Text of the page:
To many visitors, both coming from elsewhere in Japan and abroad, Yokohama seems quaint and relaxed. Sure, it’s the second biggest city in the country, but Yokohama is best known for its bayside parks, giant Ferris wheel, and Chinatown (plus its occasional Pikachu outbreaks).
But Yokohama has also been the entry point to Japan for some of its largest cultural and technological influences. It was the site of Japan’s first gas lamps, photography studio, and even brewery as the country opened itself to outside visitors and innovations in the latter half of the 19th century. Viewed from that historical perspective, it’s fitting that technology giant Apple is setting up a new research and development center in Yokohama.
The California-based company announced on December 9 that it will be coming to the capital of Kanagawa Prefecture, marking the first time Apple has established such a development lab outside of the U.S. In a statement released to the media, the company said it was happy to be expanding its presence in Japan, and also spoke of the boost the decision is likely to bring to the local economy through the jobs it will create.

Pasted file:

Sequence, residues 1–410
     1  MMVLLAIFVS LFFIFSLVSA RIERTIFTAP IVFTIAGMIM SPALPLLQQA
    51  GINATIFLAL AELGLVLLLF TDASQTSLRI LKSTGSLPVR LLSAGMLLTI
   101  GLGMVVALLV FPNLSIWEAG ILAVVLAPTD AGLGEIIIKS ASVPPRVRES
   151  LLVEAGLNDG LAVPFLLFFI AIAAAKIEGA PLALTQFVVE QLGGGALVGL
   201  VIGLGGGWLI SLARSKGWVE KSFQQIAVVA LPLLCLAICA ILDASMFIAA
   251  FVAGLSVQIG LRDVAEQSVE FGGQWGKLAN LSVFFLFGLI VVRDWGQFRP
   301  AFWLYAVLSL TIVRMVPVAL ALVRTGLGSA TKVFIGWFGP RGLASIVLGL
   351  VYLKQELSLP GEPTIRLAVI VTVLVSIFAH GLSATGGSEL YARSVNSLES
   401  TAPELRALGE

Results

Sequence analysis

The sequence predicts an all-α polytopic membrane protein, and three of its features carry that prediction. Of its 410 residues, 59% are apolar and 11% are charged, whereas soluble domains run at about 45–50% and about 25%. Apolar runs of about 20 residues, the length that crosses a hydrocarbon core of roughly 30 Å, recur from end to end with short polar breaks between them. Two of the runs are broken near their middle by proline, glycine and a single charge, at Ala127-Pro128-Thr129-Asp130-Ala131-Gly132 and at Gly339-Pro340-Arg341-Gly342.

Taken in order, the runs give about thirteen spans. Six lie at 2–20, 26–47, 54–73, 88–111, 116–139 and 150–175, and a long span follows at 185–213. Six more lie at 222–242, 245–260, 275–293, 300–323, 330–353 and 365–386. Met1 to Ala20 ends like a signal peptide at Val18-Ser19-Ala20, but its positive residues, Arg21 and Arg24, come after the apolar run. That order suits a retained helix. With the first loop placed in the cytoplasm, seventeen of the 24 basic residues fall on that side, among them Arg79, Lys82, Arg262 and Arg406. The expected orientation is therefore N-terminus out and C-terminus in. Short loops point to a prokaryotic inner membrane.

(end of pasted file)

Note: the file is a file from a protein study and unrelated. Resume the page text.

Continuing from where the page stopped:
Analysts largely credit the increasing importance of information technology in the automotive and medical sectors, both major industries in Japan, with Apple’s selection of the country for its new facility. In addition, while the nation has traditionally favored domestically designed and produced electronics, Japanese consumers have warmly embraced Apple’s iPhone and iPad. Having a major base of operations inside Japan is expected to help the company in forging stronger partnerships with local suppliers of smartphone and tablet components.
Apple is yet to announce specific details regarding the exact nature of what sort of work will be carried out at the Yokohama center, or when it will start operations. Speaking at a conference in the city, Japan’s Chief Cabinet Secretary Yoshihide Suga gave his estimate that construction will begin “early next year.” Suga also pointed to Yokohama’s Minato Mirai district as the most likely candidate for the site, which seems reasonable, given that the neighborhood is already home to several technology and finance firms with an international focus.
Plus, given the long hours Apple employees are famous for working for, we think a ride on Minato Mirai’s Cosmo Clock Ferris wheel will really help them unwind.